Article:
What you consider rather minimalist is very different from what I consider rather minimalist. When I do a minimal Debian 9 install and add XFCE4 and various little things I standardly use, it takes up about 1.5GB. Tarball compression on this roughly halves the size. As such, it roughly halves the amount of time NFS-RAMBOOT takes to boot (the other steps are ludicrously fast due to the insane speed of tmpfs RAM disk and the boot time efficiency of systemd).

That said, the NFS-RAMBOOT setup on this Mac Mini is not minimalist. I have it loaded up with all sorts of development software and multiple web browsers and such. It's my main computer. As such, its "/" is bloated up to 3.6GB in size, and the compressed tarball is bloated up to 1.5GB in size. So, the NFS-RAMBOOT setup transfers the 1.5GB tarball when booting, which takes about 2 minutes. Thus, it takes about 2 minutes for Debian NFS-RAMBOOT to boot up. This is still far less time than OSX takes to boot up thanks to the sluggish hard drive.

Quote:
30 is a little tight especially since you mentioned iOS app development so you will need Xcode probably better of with 120 minimum it is a space hog.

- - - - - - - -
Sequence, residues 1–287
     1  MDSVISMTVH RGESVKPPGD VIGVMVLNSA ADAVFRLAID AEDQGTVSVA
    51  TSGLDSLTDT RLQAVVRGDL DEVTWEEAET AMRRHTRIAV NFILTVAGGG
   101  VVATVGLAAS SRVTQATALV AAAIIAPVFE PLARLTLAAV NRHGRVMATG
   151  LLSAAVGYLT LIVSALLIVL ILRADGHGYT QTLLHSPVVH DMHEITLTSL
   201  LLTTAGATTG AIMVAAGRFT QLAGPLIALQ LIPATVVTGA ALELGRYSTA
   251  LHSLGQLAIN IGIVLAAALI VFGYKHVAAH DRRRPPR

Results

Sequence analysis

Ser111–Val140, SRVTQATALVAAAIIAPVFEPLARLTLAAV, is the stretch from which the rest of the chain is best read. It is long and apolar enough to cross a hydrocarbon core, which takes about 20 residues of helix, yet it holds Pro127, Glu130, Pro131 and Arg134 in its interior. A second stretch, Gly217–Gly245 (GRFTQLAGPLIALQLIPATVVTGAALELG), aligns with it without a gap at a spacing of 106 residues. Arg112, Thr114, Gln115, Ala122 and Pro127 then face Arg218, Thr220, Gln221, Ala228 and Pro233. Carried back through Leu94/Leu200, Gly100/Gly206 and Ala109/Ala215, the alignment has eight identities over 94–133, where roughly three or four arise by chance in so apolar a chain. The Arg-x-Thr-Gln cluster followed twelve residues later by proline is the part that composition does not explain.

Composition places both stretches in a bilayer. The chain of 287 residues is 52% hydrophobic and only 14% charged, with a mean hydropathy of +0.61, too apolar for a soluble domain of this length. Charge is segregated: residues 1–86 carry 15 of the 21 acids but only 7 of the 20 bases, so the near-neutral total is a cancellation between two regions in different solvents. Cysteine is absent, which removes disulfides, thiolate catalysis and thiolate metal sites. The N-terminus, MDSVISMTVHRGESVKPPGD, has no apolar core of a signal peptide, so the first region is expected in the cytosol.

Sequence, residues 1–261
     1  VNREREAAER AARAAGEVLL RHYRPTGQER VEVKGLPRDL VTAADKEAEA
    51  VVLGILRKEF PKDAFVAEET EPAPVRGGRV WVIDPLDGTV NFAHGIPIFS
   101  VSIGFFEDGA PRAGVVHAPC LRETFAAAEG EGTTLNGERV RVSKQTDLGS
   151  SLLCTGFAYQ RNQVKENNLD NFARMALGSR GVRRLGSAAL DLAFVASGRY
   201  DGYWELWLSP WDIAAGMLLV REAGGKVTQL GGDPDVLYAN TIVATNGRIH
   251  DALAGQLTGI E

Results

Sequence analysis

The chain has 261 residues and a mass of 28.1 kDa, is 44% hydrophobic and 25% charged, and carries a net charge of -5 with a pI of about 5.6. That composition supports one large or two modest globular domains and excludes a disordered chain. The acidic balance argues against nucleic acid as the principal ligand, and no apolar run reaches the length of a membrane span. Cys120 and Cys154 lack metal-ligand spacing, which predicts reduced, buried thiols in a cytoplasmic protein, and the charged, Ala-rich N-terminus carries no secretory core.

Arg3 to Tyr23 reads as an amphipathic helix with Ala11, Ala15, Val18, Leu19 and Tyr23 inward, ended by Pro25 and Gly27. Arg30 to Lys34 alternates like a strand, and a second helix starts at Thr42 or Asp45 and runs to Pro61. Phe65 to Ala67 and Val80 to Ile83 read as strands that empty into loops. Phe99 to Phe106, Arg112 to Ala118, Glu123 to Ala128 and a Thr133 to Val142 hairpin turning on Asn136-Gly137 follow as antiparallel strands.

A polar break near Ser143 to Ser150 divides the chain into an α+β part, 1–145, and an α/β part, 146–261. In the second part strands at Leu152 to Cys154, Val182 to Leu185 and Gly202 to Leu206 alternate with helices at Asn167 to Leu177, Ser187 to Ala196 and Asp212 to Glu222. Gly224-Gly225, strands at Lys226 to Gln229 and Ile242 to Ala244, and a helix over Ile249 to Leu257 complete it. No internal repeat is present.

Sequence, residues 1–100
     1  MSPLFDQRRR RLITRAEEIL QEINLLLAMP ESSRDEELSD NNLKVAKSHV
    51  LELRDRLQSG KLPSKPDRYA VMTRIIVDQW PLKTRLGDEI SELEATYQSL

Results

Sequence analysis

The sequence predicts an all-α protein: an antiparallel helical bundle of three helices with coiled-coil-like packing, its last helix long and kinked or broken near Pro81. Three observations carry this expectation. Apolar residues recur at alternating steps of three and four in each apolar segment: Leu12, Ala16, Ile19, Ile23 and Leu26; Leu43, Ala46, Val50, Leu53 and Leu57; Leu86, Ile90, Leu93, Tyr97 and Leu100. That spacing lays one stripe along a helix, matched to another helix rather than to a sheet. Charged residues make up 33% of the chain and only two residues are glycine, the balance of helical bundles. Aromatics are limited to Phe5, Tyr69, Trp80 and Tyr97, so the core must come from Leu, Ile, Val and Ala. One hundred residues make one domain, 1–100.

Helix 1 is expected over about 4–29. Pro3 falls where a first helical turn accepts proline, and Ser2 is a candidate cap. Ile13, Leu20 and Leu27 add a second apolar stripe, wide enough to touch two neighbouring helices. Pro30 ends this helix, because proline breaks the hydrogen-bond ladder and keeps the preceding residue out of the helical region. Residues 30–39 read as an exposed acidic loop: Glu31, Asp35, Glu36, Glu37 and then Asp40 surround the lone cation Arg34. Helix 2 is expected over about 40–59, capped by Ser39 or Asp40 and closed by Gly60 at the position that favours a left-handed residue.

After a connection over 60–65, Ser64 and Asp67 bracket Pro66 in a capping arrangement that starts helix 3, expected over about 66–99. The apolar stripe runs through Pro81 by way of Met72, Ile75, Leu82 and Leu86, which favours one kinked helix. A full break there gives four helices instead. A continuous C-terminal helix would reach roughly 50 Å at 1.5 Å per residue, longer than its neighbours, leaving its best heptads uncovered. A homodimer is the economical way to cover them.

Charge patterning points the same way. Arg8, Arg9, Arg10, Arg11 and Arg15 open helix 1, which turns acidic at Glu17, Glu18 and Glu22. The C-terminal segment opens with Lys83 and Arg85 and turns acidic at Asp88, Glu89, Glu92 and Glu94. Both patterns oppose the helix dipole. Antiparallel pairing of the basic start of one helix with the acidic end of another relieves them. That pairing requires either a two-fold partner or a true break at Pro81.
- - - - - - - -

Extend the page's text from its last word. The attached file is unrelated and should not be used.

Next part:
I see. I guess I'll invest in a new SSD then, if the internal hard drive ever fails. I'm not going through the risk/effort of tearing out the 500GB hard drive just to replace it with another spinning hard drive.
 
Old 08-19-2017, 12:45 AM   #23
IsaacKuo
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One last little update - the upgrade to OSX Sierra (10.12) created another little recovery partition - sda3; shifting the previous recovery partition (10.10) from sda3 to sda4.

Code:
Device         Start       End   Sectors   Size Type
/dev/sda1         40    409639    409600   200M EFI System
/dev/sda2     409640 974233823 973824184 464.4G Apple HFS/HFS+
/dev/sda3  974233824 975503359   1269536 619.9M Apple boot
/dev/sda4  975503360 976773119   1269760   620M Apple HFS/HFS+
So, all my worries were really over nothing. The recovery partition I was so keen on saving would have been outmoded by the Sierra upgrade anyway. But I learned a lot and vastly boosted my confidence in working with OSX partitions and OSX Disk Utility (albeit the UI for 10.12 Disk Utility is very different from 10.10 Disk Utility).
 
Old 09-16-2017, 02:02 AM   #24
friv2
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heloo